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34Topographic Spatial Modeling Multiple interpolators were used to develop prediction grids for NAD 27 and NAD 83 point shape files. These interpolators included inverse distance weighting, local polynomial, global polynomial, radial based functions, universal kriging, ordinary kriging, simple kriging and disjunctive krig ing. The root mean square error, RMSE, statistic was calculated by sequential dr opping of each observed elevation point and estimating it using the appropriate interpolation procedure. The RMSE was used to select the optimum interpolation met hod for surface water and topogr aphic grids. If two tests possessed an equal RMSE statistic, then the mean absolute error, was used as the next decision statistic. All prediction grids, including surface water, were exported as raster surfaces to be later used for calculating i nundation grids. All interpola tion methods were used to generate z prediction values for a test x a nd y location, the results of the different prediction methods showed that the predicte d values at the test location ranged from 2.9217 ft. to 2.9483 ft. The difference in z pr ediction values indicates that a small variation exists between pr edicted topographic grids using the various methods. Table 3.2 lists the search parameters for the inverse distance weighting method that were not set to a default value. The nei ghborhood method was used for all tests. The search ellipse used for the neighborhood s earch had major and minor semi-axes of 2,134.6 ft., and the anistropy factor was set to a value of 1. The x and y test prediction locations were 797,555.55 ft. and 394,614.36 ft. respectively. Table 3.3 lists the search parameters for the global polynomial method. Ta ble 3.4 lists the search parameters for local polynomial method. Table 3.5 lists the search parameters for radial based function tests.

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35 Table 3.6 lists the search parameters us ed for kriging methods. For all kriging methods, no transformation was applied, and no trend was assumed. The angle direction and tolerance were 15 and 45 and the band width was 6. The number of lags was 12, the search shape angle were 3 and 15 respec tively. The major and minor semi-axes were 6,306.9 ft. and 5,546.8 ft., and the anistropy fact or was 1.137. The test x and y locations were 797,555.95 ft. and 394,614.36 ft., and twen ty neighbors were used for the test prediction value. Surface Water Elevation Map Methodology The surface water elevation map (SWEM) was created to show the change in surface water elevation values over the st udy period, and was used to calculated inundation grids. All surface water data was acquired from the SFWMD, USGS, and the NPS. All surface water project data values were referenced with NAD 27 horizontal datum and NGVD 29 vertical datum. NGVD 29 surface water elevation values were converted to NGVD 88 by subtracti ng 1.51 ft from NGVD 29 values. REMO is the SFWMD internet data retrieval program that provided surface water elevation data. REMO hydrologic data was deli vered in text format and all data was converted to data base file format. All wate r elevation data was r ecorded in feet and referenced to NGVD29. Canal elevation measurements included head and tail measurements; however the mean value between head and tail was used to create surface water grids. SFWMD data sites included th e S175, S177, S178, FP, FP1, FP2 and S332D. FP, FP1 and FP2 are wells and the S175, S177, S178 and S332D are water control structures. Figure 3.2 shows in situ m easurement sites used to create SWEM. USGS provides maximum daily ground water elevations for monitoring stations in Miami-Dade. USGS maximum water elevati on data for G3355 was acquired through the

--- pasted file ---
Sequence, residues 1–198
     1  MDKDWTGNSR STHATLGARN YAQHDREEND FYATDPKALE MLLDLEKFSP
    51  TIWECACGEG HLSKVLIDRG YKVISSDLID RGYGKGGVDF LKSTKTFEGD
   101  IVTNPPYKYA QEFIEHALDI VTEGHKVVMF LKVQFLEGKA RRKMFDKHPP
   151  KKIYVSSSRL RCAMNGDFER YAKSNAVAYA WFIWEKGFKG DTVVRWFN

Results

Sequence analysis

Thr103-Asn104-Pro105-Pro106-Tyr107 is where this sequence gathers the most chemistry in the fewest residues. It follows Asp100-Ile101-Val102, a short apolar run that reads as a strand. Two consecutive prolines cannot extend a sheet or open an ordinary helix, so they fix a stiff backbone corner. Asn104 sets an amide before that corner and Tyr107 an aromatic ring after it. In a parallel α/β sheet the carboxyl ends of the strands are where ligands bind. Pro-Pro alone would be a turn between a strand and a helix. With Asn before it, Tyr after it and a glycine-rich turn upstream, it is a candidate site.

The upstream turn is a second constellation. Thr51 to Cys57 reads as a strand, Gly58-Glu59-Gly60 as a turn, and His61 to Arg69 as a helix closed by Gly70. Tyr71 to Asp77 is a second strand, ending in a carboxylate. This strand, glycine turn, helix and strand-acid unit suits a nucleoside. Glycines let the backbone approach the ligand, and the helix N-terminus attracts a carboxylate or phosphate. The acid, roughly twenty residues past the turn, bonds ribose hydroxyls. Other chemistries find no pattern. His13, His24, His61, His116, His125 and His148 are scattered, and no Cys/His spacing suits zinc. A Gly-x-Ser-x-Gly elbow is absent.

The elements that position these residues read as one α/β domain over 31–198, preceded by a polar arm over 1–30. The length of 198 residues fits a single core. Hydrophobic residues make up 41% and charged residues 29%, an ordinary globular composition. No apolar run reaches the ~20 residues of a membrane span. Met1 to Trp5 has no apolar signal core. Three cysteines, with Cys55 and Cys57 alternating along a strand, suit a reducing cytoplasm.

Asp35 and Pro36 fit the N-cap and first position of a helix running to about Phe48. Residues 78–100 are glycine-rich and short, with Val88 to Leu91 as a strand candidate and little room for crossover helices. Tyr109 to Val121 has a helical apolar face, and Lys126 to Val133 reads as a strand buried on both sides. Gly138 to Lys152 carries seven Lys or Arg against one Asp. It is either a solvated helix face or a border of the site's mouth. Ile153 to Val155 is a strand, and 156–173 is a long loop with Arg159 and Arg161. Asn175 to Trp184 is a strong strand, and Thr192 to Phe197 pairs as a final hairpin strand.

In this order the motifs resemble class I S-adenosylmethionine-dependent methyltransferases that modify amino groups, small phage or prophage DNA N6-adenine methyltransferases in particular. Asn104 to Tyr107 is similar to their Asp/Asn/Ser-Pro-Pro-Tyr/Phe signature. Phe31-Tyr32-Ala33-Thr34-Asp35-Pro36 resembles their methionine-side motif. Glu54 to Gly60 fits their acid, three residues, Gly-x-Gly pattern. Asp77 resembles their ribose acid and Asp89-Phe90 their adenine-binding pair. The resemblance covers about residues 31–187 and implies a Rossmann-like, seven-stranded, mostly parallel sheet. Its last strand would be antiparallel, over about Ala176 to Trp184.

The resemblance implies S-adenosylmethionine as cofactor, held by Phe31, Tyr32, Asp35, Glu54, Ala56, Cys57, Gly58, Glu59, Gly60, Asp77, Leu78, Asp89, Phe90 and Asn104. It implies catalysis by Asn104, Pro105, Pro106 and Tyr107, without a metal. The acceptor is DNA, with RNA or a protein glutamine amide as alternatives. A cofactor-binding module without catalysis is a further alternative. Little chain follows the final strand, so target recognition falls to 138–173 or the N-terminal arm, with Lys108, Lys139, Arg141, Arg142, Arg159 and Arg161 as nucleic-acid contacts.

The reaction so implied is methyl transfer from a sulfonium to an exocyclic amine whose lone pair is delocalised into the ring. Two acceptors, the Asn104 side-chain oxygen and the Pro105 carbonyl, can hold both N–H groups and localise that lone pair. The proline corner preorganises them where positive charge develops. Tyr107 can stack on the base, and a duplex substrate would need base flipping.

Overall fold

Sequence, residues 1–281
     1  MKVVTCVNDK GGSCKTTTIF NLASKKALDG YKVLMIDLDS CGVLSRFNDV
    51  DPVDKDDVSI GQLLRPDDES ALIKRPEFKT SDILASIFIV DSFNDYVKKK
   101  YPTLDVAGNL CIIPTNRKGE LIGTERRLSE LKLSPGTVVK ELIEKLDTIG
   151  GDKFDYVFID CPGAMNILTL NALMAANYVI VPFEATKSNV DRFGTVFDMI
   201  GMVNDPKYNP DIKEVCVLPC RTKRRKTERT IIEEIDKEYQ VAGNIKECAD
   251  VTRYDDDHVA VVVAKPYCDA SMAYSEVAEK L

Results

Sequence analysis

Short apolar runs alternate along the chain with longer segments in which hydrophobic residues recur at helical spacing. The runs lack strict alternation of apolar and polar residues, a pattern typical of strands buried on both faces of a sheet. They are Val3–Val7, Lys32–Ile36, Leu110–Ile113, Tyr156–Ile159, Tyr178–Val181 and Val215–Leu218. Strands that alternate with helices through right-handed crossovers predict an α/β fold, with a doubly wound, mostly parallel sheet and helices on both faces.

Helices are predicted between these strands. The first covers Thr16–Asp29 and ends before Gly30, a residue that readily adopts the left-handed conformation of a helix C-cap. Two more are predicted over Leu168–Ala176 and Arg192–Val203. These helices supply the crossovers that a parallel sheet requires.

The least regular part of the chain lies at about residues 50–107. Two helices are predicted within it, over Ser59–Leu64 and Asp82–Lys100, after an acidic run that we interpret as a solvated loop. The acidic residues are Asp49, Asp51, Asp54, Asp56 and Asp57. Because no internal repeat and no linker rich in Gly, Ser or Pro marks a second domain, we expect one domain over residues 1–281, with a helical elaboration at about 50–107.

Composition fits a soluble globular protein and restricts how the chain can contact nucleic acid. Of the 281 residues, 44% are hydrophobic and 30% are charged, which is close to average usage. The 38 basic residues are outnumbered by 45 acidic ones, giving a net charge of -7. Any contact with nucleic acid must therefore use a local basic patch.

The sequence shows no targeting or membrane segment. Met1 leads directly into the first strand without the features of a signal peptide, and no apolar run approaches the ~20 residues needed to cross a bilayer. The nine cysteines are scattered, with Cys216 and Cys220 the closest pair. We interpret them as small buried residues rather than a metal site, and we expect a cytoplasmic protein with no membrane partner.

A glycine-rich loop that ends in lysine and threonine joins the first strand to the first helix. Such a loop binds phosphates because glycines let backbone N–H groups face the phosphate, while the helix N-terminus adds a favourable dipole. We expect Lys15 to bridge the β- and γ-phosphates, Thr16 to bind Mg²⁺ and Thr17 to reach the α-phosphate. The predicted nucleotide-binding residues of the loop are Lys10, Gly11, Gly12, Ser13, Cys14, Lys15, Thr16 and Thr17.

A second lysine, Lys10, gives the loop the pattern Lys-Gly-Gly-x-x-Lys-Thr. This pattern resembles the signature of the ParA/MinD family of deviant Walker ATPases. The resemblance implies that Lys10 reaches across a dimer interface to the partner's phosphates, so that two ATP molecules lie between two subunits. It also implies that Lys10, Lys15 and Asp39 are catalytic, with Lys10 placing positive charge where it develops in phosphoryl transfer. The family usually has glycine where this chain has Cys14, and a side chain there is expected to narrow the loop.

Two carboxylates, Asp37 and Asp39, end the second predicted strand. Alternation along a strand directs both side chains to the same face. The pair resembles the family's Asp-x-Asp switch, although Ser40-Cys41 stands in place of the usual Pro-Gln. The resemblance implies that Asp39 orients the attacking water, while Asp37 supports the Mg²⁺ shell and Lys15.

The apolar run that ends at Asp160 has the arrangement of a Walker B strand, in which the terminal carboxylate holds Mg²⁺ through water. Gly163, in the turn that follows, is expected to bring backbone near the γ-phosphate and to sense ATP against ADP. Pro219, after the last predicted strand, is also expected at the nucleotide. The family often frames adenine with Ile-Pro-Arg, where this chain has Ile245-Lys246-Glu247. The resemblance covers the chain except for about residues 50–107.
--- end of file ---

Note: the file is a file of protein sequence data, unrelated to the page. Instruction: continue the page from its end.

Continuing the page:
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36 USGS water resources internet link with the SFWMD, and USGS water resources for Miami-Dade. G3355 is located in the southeast corner of Figure 3.2. Figure 3.2 Map of measurement sites. USGS sponsors Tides and Inflows in th e Mangroves in the Everglades, TIME (time.er.usgs.gov). TIME provides telemetric surface water elevati on measurements in daily, hourly and fifteen minute intervals. TIME water monitoring wells NP112 and NP158 were used to create surface water grids. The locations NP112 and NP158 are shown in Figure 3.2. The procedure for developing the surface wa ter site point shape file began with transforming the Latitudinal and Longitudi nal coordinates from Degrees-MinutesSeconds to Data-Decimal-Degrees, DDD, Measurement Sites

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37 3600 60 Seconds Minutes Degrees DDD 1) The DMS coordinates were divided into separate spreadsheet fields, and the conversion for each coordinate was performed using cell formulas. Longitudinal coordinates were assigned nega tive values. The resultant sp read sheet file was exported as a tab delimited text file and assigned a .dat extension. The ERDAS Imagine vector tool was used to export the .dat files as Arcinfo coverages. The coverage file was opened in Ar cview, and the view properties were set to match the projection parameters of ALSM as defined in the meta-data report, Table 3.7. Finally, the coverage file was converted to a shape file with the same coordinates as the ALSM data. Surface Water Elevation Map Interpolation Tables 3.8, 3.9, 3.10 and 3.11 list the initia l search parameters for kriging tests used to estimate the surface water elevation. A de scription of these parameters is discussed below. For universal kriging no trend removal a nd no transformation were performed. A bandwidth of 6 ft. and the lag size and lag number were 2,721 ft. and 12. The major semiaxis and minor semi-axis for the neighborhood search ellipse were 30,000 ft. and 24,000 ft. The anisotropy factor was set to a default value of 1.25 for all tests. The x and y test prediction locations were 804,799 ft. and 389, 908 ft. The software’s default value for search neighbors was used, and the number of search neighbors was set to five for prediction. For disjunctive kriging, no transforma tion or trend removal was conducted. The direct method was used, and the major and minor ranges were 30,023 ft. and 12,607 ft.